00:19:27   and that kind of thing.

00:19:28   And, you know, that's sort of the application.

00:19:31   And it's kind of funny in some ways,

00:19:32   which is, like, it's very straightforward, it's very simple.

00:19:34   And it's simple intentionally, because, like I said,

00:19:37   I don't want this to be something that, like,

00:19:38   overtakes my world.

00:19:40   And it's kind of funny for it to be simple,

00:19:42   because the nature of, like, if I can build this app

00:19:44   in a couple of weeks, then it's a very small moat around it.

00:19:47   You know, I'm not doing something that is hard to reproduce,

00:19:51   so if the kernel of the idea turns out to be, you know,

00:19:54   successful or interesting, then, you know,

00:19:56   it's like other people could potentially copy it

00:19:58   and go forward, but, you know, that's sort of like

00:20:01   the give and take that you have with an application like this

00:20:04   is that if you want to keep it simple,

00:20:06   if you want to do something that, you know,

00:20:09   is relatively straightforward to do,

00:20:12   which is something I want to do,

00:20:13   because I don't want this, I want this to be a project

00:20:15   that I can, you know, finish in a month

00:20:17   rather than several months.

00:20:19   Like, that's kind of the nature of your building

00:20:21   a small moat around you rather than, like,

00:20:23   you know, all the work you did with Smart Speed, say.

00:20:25   Like, it took, you know, years in many ways

00:20:28   for people to approximate what you had done,

00:20:31   because the work you did to do it was difficult,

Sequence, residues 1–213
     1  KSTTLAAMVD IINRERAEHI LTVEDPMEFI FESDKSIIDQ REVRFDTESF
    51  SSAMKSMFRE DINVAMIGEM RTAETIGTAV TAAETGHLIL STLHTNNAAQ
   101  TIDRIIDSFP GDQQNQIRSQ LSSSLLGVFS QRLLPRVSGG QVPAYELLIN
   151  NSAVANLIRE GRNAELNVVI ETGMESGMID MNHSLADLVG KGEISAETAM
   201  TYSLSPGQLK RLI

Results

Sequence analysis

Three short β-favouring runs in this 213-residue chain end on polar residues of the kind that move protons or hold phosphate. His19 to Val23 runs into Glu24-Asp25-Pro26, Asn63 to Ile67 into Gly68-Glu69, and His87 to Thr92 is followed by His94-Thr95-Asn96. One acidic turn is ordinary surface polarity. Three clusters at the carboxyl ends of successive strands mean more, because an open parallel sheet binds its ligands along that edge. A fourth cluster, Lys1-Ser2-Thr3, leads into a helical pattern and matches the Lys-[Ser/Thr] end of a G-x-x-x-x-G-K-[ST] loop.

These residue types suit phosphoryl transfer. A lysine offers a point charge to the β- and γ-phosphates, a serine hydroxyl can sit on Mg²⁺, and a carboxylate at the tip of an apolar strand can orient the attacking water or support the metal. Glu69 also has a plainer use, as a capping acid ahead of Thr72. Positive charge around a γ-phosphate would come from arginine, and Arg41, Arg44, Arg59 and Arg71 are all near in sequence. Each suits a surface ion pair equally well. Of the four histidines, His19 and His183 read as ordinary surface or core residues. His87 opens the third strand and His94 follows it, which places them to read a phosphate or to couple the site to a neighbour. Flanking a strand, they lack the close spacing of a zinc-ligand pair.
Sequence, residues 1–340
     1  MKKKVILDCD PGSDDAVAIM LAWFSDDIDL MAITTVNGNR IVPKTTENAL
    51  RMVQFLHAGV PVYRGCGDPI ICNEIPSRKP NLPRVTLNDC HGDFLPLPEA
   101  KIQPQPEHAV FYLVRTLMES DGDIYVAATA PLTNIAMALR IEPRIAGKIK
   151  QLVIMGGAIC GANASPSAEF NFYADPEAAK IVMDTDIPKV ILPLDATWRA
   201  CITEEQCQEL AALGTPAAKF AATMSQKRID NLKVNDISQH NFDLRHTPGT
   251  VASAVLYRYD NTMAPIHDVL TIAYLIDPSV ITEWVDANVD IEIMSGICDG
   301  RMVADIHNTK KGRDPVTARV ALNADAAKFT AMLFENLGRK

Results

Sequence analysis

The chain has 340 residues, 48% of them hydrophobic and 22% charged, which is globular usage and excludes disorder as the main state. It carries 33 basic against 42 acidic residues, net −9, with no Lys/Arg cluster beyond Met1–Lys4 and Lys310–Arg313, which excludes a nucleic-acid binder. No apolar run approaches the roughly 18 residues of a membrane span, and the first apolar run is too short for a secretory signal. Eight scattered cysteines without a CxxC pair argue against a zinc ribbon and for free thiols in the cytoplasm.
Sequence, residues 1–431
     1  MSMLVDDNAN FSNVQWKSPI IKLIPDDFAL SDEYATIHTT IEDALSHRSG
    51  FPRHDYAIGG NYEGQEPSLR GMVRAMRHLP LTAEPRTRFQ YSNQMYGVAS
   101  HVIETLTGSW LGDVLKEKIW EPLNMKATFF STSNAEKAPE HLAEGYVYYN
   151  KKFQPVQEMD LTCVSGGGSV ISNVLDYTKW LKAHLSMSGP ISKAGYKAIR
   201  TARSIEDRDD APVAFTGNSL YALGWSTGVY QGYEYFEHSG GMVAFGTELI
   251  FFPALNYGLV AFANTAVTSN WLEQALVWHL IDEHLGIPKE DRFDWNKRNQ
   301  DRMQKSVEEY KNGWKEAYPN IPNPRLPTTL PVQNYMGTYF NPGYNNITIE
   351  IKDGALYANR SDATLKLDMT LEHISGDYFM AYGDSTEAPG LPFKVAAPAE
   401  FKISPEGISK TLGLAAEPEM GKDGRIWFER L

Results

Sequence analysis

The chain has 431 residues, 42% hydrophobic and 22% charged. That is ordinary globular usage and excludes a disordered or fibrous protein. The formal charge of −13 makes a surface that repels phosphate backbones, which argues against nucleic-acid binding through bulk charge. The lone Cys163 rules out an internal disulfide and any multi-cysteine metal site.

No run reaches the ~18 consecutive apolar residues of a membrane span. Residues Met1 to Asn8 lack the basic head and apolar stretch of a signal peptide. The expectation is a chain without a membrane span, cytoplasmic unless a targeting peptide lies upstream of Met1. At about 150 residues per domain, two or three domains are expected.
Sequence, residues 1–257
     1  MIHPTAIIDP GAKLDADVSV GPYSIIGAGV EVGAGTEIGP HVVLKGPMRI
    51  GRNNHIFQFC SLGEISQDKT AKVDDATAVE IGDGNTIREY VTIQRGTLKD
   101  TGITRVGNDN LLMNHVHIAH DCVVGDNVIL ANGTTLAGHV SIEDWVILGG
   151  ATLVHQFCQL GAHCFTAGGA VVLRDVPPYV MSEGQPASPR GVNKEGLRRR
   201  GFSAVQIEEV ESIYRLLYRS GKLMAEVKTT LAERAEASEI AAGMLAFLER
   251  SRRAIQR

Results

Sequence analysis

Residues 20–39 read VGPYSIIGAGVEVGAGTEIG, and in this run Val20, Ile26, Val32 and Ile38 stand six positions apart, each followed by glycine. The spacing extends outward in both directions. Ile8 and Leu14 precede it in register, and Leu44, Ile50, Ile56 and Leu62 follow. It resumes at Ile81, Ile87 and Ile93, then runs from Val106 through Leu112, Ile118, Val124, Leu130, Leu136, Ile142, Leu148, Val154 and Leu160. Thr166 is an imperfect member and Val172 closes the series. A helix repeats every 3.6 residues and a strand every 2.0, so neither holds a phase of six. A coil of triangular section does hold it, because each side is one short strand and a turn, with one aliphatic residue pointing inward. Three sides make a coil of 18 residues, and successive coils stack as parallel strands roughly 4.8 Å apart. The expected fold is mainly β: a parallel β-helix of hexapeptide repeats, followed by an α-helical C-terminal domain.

00:20:34   hard to reproduce, and challenging.

00:20:37   Whereas an app like this, it's not, you know,

00:20:39   it's much more something that exists in,

00:20:42   like, its value exists in potentially it being, you know,

00:20:47   somewhat, well, hopefully, like, nice and polished

00:20:50   and well-marketed, but it isn't, you know,

00:20:52   sort of functionally and strictly unique in that way.

00:20:56   - I feel like there's, first of all,

00:20:58   Smart Speed has been one of the greatest payoffs ever,

00:21:00   because it wasn't as much work as everyone thinks it is.

00:21:03   (laughs)

00:21:04   It really, and I did it, you know, four years ago

00:21:07   and haven't had to touch it since.

00:21:08   Anyway, so I've gotten very well paid off ratio-wise

00:21:11   from, like, effort to moat there.

00:21:14   But I feel like there's actually nothing wrong

00:21:16   with having a low moat or a low wall or,

00:21:20   well, moats go under.

00:21:22   What's the metaphor here?

00:21:22   Is it a shallow moat or a short wall?

00:21:25   - I think it's a shallow moat.

00:21:26   - Okay, so I don't think there's anything wrong

00:21:28   with having a shallow wall here,

00:21:31   because what matters is not can anyone copy your idea,

00:21:36   because the reality is, you know, given enough time,

00:21:38   anybody can copy any idea, right?

00:21:40   What matters is the amount of moat that you have,

00:21:45   proportional to the amount of effort and time

00:21:47   it's gonna take you to make it, right?

00:21:49   'Cause, like, if you make something

00:21:50   that's really super easy to copy,

00:21:52   if you didn't spend that much time on it,